Making Cooperative Learning Work for Teaching and Learning


This article is a continuation of the previous article entitled, “Let’s have Cooperative Learning for Lessons!” In this article, how to plan, organize and conduct productive cooperative learning in the primary social studies classroom will be featured. Suggestions on managing challenging student behaviours for successful cooperative learning and the assessment and reflection of such lessons are also highlighted.

Planning Cooperative Learning Lessons

Cooperative learning refers to a set of instructional modes that requires students to work and interact together in small groups for the promotion of individual and group members’ learning. It is useful in the promotion of academic achievement and the development of thinking and interpersonal skills and dispositions such as appreciation of individual differences.  When planning a cooperative learning lesson, we need to take into consideration the content, lesson objectives, concepts and generalizations, unit questions, students’ prior knowledge or experience with the topic, task(s), cooperative learning models to adopt or adapt, and resources, time and space available. These considerations are generally no different from the planning considerations for other non-cooperative learning lessons. But the big difference is that for cooperative learning lessons, cooperative learning structures or models are integrated into the lessons.

For primary social studies teachers attempting to incorporate cooperative learning into their lessons for the first time, it is best to select a familiar lesson or topic so that they can focus on mastering the cooperative learning model and process and not the lesson content (Abrami, Chambers, Poulsen, De Simone, D’ Appolonia & Howden, 1995). Before choosing the cooperative learning model, it would serve them well to ask the question, “Would group work help my students achieve the academic goals and develop particular social skills?” If the answer is yes, then consider the appropriate type of structure or model to use. Alternatively, they can modify an existing structure or model. Refer to Strategy Example 1 in the article entitled, “Let’s Have Cooperative Learning for Lessons!” They should start with simple informal cooperative learning structures such as think-pair share, round robin or numbered-heads-together before moving to more complex models like the Jigsaw, Group Investigation and Structured Academic Controversy which require more planning, are more demanding and are more suited for upper primary students. When complex models are adopted, it is important to ensure that the content chosen is substantial and challenging to offer students scope for self-directed, independent and constructive learning with their peers.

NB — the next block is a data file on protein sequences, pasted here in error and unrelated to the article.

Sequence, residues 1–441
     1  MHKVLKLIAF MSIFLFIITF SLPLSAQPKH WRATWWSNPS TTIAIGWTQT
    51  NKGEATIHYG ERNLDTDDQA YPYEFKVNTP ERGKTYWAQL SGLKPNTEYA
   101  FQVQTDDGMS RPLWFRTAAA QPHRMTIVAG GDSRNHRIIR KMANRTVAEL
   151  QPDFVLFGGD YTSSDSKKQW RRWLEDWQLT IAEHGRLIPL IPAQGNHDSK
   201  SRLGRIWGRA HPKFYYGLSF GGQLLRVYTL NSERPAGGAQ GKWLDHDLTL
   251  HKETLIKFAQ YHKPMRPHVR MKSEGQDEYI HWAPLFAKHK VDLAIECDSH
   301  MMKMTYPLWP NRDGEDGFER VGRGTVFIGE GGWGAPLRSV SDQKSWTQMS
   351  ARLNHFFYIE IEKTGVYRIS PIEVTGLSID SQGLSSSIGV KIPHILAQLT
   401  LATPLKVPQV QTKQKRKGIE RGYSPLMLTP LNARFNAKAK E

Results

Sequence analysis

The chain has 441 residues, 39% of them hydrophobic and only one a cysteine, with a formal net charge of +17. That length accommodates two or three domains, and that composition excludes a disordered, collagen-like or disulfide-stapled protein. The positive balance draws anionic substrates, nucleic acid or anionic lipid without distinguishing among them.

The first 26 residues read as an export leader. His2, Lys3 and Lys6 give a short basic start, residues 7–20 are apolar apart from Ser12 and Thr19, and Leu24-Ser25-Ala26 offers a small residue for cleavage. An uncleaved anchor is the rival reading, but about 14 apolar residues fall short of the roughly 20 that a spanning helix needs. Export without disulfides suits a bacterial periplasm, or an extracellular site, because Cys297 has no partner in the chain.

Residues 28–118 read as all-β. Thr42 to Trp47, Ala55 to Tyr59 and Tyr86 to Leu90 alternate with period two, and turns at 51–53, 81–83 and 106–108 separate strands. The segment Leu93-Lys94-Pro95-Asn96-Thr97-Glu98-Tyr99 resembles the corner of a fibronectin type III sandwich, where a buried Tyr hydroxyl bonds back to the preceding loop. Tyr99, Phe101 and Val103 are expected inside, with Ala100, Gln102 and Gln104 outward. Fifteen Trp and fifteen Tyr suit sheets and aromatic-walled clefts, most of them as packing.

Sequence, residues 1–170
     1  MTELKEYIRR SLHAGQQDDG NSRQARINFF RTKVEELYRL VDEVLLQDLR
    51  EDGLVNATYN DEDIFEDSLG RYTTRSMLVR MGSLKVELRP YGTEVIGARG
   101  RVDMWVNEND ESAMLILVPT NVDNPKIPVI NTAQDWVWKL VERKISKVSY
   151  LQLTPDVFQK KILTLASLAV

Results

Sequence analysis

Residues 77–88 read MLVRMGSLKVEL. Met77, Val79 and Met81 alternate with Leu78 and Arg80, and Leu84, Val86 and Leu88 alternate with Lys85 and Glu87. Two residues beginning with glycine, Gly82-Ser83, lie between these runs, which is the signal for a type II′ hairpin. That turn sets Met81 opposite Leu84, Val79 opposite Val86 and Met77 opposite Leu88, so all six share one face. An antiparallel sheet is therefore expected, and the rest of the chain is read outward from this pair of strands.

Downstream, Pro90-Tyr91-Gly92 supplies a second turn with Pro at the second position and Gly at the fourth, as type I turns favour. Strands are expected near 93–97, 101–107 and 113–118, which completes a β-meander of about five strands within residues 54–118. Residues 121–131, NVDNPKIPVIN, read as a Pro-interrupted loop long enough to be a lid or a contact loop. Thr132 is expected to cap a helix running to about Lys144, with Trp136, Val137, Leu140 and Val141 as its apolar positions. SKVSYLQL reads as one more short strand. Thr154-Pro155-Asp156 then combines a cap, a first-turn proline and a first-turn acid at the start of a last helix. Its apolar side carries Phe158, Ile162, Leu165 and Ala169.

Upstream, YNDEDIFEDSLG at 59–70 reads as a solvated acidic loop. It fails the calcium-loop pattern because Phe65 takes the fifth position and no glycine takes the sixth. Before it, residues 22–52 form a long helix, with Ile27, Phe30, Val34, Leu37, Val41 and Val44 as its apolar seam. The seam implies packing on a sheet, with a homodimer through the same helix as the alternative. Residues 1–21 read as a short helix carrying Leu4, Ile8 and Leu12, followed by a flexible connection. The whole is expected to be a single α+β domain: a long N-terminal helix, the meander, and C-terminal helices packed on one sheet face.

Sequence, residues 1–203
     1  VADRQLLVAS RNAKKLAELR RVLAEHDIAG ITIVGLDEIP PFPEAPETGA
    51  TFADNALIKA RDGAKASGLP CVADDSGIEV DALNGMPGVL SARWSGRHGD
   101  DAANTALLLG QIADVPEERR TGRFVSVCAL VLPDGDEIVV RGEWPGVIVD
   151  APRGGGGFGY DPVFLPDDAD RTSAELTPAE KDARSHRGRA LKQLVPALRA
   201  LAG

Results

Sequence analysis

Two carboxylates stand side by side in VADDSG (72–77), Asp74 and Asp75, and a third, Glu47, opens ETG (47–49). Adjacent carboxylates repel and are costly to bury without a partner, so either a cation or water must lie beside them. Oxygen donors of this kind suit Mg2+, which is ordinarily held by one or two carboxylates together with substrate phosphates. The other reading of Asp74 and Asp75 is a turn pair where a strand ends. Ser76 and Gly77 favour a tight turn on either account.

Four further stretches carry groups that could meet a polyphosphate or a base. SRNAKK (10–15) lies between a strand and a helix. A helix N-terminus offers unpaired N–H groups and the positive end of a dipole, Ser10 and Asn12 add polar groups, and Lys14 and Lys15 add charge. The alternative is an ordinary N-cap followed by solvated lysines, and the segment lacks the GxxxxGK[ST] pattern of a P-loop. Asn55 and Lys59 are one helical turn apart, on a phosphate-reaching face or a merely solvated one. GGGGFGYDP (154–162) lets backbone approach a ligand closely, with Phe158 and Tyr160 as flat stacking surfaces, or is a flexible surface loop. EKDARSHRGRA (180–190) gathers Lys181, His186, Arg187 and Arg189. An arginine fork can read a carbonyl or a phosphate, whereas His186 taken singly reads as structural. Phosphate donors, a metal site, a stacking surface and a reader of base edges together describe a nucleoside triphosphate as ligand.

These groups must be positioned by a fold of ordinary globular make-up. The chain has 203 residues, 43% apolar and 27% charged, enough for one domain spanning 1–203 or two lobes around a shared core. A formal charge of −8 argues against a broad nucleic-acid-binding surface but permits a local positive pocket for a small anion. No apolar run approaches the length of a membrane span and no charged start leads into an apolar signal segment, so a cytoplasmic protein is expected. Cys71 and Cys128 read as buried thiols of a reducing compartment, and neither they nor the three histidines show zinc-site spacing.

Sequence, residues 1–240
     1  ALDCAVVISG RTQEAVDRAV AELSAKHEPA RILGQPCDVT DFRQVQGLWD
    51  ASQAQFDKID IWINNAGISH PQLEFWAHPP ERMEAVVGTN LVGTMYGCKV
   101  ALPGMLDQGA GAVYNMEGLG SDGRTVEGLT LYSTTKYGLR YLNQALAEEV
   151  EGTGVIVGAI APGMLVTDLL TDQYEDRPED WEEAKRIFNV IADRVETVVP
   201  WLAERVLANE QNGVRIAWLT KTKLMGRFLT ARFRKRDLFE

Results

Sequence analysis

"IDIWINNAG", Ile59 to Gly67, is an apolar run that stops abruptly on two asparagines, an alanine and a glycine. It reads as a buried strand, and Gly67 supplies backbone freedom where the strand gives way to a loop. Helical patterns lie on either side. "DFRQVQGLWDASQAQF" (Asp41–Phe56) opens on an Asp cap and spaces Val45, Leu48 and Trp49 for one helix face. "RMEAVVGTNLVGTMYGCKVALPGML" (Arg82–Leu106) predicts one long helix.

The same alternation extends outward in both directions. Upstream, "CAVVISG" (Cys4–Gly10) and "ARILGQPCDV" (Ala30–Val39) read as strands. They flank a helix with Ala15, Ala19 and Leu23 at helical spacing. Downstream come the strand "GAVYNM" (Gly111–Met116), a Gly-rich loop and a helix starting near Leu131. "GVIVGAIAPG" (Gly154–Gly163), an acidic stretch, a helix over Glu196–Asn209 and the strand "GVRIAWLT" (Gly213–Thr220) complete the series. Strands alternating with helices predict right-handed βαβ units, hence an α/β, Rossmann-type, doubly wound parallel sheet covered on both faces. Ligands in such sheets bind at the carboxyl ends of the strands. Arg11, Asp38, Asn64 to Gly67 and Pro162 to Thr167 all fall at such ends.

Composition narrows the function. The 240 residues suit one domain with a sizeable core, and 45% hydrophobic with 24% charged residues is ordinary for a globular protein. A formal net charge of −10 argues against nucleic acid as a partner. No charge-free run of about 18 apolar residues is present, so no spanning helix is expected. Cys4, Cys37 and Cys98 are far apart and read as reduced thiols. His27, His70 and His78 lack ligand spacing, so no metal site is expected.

An Inspiring Quote

"[Open-mindedness] includes an active desire to listen to more sides than one; to give heed to facts from whatever source they come; to give full attention to alternative possibilities; to recognize the possibility of error even in the beliefs that are dearest to us."

~ John Dewey, How We Think

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